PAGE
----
Who influences you?
It’s impossible to connect with someone, without that person influencing you. Even a total stranger who smiles (or frowns) at you as they walk by, will influence what you’re thinking. They’ll also shift your focus, to a lesser or greater degree.
By far, the greatest influence on how you think and how you feel, are those with whom you habitually associate.
The business impact of one bad apple
All it takes is one bad influence to screw up the dynamic of a wonderful, or potentially great, team.
I was mindful of this last week. I spoke with the CEO of a great, Chicago-based manufacturing company. He’s a former client, turned old friend. Anyhow, he wanted some advice. It turns out the son of one of their co-founders joined them as their new CFO in 2018. I knew them as a forward thinking company, respected in their industry for making some super-smart decisions.
That was then.
Today, things have changed.
It turns out the new CFO lacked vision and was exceptionally risk-averse. My former client explained that in just 14-months, the guy had dented morale, led to a number of good people leaving the company and caused them to miss out on what proved to be an outstanding opportunity, which was grabbed with both hands by a major competitor.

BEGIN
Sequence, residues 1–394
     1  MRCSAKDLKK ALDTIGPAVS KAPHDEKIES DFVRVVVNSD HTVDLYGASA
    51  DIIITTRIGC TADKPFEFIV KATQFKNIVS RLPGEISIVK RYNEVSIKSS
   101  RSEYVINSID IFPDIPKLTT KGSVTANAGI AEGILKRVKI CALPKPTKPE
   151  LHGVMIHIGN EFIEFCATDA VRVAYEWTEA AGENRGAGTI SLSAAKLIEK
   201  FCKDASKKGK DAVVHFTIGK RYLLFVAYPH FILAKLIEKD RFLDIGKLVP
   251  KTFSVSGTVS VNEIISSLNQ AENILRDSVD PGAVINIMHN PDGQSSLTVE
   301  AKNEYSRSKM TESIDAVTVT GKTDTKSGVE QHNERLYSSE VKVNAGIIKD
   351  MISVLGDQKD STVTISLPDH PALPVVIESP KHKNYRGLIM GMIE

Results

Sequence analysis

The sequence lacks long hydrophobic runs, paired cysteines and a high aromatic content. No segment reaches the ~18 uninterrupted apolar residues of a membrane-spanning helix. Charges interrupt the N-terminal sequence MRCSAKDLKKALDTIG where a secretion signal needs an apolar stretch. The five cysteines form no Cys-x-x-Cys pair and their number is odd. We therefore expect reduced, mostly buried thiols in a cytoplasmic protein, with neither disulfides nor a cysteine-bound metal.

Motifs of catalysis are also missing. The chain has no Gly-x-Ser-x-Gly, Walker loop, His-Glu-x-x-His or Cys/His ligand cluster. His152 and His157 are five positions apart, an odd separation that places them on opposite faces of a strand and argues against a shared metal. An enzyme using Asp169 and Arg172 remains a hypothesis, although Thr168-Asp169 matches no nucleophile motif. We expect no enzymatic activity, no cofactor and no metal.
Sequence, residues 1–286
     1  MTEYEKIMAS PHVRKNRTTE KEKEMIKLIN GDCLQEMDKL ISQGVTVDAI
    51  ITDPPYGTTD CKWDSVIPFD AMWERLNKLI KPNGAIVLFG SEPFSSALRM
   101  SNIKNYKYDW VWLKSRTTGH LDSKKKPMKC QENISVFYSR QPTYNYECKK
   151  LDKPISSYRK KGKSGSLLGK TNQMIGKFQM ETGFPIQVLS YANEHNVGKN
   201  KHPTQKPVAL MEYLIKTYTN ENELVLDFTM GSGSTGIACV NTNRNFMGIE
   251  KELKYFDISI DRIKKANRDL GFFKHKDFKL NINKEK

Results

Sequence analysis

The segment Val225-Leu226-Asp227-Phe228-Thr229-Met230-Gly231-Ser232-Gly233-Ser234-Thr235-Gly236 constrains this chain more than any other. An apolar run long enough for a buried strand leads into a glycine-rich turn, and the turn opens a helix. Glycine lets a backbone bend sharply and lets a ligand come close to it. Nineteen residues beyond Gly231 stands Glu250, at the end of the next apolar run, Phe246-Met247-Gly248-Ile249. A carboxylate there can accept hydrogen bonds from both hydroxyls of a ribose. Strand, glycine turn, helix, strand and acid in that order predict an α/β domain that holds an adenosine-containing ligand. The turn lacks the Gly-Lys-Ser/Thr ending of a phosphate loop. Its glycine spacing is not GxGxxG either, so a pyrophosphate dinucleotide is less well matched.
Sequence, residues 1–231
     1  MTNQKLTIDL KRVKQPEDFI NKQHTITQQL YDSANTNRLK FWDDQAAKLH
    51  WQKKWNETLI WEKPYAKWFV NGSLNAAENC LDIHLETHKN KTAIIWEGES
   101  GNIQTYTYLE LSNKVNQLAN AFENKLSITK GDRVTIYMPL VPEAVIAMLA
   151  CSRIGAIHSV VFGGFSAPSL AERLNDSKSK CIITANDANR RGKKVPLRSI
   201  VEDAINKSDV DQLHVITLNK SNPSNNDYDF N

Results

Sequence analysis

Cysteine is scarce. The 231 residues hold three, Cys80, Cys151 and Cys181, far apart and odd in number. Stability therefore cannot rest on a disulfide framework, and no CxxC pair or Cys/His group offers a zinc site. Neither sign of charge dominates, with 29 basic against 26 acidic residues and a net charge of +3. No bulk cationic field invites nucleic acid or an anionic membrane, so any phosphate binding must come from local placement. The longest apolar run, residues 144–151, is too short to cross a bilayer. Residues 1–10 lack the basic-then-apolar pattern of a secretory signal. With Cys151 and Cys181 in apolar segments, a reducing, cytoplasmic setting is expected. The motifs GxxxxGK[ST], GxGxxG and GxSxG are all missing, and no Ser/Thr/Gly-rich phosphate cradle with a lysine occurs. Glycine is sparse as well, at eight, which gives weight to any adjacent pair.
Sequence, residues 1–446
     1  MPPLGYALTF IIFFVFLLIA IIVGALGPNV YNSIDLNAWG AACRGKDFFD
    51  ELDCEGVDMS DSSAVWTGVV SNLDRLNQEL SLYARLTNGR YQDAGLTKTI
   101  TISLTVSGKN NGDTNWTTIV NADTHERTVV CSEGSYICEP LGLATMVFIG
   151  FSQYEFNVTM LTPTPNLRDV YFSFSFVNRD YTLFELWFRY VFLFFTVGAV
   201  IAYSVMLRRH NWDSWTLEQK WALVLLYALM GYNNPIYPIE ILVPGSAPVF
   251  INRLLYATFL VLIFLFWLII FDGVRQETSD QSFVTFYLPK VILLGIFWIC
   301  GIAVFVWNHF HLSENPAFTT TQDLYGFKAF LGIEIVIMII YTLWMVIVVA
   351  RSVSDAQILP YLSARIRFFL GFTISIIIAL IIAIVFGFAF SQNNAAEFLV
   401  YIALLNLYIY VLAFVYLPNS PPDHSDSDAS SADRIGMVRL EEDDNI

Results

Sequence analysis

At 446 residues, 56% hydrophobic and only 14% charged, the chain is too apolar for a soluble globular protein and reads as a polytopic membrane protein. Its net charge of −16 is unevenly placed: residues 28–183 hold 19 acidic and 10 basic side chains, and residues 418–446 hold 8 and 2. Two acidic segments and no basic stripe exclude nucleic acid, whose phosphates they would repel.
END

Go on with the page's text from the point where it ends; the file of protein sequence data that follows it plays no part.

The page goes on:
Thankfully, at the request of his own father, the CFO finally left the company. And the race is now on to get their rhythm back, so they can start moving forward and making things happen.
The lessons here?
I’m sharing this with you because it’s the second time in under a week, that I’ve had similar discussions with business owners about negative influence. From a business development perspective, you need to be extremely diligent regarding those you habitually associate with. In the above example, the co-founder’s son was so fear focused regarding growth, that others soon started to regard every opportunity as ‘a loss waiting to happen’.
Balance is important, for sure.
But when someone has the attention of the decision makers in your business, that person also has the ability to influence them, what they think (and therefore your results); either positively or negatively. This doesn’t just apply to fellow directors. It applies to anyone, who has access to you and your team.
It’s always worth questioning:
Who are you (and / or your team) listening to?
What have they got you thinking?
Are they influencing you positively or influencing you negatively?